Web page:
Ranger on trial for Ward murder

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The Independent Online
AT THE opening of a murder trial yesterday in Nairobi, John Ward once again sat through details of the gruesome killing of his daughter, Julie, and her "probable" rape in September 1988. He had previously exposed a falsified police report blaming her death on possible suicide and wild animals; and then endured a four-month murder case in 1992 against two innocent game rangers.

But this time, the man that Mr Ward always believed had played a part in his daughter's death, Simon Makallah, the former chief game warden of Masai Mara Game Reserve, and now the assistant director of the Kenya Wildlife Service, ison trial for her murder. A second case, against David Nchoka, was dismissed through lack of evidence last month.

Mr Ward's tension was evident - he asked, as one photographer continually flashed close-up portraits: "How many of those have you taken over the last 10 years?" His wife, Jan Ward, did not attend the opening of the case.

Mr Ward looked to the floor as the prosecution described how on 13 September 1988 Julie's left lower leg, parts of her jaw and pieces of her scalp with hair attached were "discovered in a remote place in the Masai Mara Game Park". Her skull was discovered on 20 September and handed over to her father in a hotel room.

Ms Ward's remains were later flown to Britain to an independent forensic scientist,who is now too ill to give evidence in Kenya. The prosecution will attempt to take his testimony in Britain.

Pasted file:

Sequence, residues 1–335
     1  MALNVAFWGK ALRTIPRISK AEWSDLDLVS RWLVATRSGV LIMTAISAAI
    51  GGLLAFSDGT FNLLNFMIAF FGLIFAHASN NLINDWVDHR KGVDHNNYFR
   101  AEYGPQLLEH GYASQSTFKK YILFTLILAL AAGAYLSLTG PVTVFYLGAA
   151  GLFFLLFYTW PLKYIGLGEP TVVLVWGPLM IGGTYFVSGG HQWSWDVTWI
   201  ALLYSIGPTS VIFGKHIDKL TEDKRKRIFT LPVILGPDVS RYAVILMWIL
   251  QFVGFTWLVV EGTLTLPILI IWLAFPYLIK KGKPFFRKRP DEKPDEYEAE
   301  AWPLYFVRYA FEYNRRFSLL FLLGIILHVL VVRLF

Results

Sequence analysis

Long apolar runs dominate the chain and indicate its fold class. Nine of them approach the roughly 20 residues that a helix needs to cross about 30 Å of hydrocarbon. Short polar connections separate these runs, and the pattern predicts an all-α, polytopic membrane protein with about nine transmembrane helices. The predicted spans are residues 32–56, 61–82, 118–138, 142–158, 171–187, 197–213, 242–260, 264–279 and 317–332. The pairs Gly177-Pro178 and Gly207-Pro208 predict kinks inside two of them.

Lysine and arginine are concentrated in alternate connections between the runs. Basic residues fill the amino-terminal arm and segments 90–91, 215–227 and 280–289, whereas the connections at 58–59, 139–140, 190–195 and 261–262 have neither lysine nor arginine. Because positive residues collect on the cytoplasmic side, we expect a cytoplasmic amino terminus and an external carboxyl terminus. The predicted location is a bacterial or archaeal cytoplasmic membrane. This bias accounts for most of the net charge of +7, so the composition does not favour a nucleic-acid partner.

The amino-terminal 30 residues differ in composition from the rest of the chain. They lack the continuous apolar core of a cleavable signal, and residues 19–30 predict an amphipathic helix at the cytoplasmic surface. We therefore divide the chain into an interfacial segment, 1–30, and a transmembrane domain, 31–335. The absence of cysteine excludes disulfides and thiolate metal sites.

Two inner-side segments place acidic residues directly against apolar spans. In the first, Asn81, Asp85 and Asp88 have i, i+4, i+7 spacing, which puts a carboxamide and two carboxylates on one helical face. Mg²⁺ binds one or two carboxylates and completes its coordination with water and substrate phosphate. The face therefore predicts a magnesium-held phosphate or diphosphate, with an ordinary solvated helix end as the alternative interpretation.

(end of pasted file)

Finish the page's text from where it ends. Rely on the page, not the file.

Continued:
There is little that is new to this trial, other than Mr Makallah's vehicle work cards, which detail, according to the independent prosecutor, Salim Dhanji, "his movements and time and distance from any particular location".

Mr Dhanji said that Mr Makallah found Ms Ward's remains too quickly, showing "he had prior knowledge of where the remains were".

Mr Makallah also used extraordinary lies to try to distance himself from Julie Ward's death, Mr Dhanji said. But the catalogue of incompetence, cover-ups and untruths underline the fact this is a case that depends entirely on circumstantial evidence. The frustrations of Kenyan justice are familiar - the prosecution found that a file relating to evidence given by Mr Makallah in the 1992 trial had "gone missing". "That's normal," said alegal observer, rubbing two fingers together to signal bribery.

Mr Dhanji reminded the court that a great deal had been written on the murder, both locally and internationally, which in fairness to Mr Makallah should be disregarded. "This is not a film, or a book, or a newspaper article; it is a trial for murder," he said.

The trial is expected to last several months.

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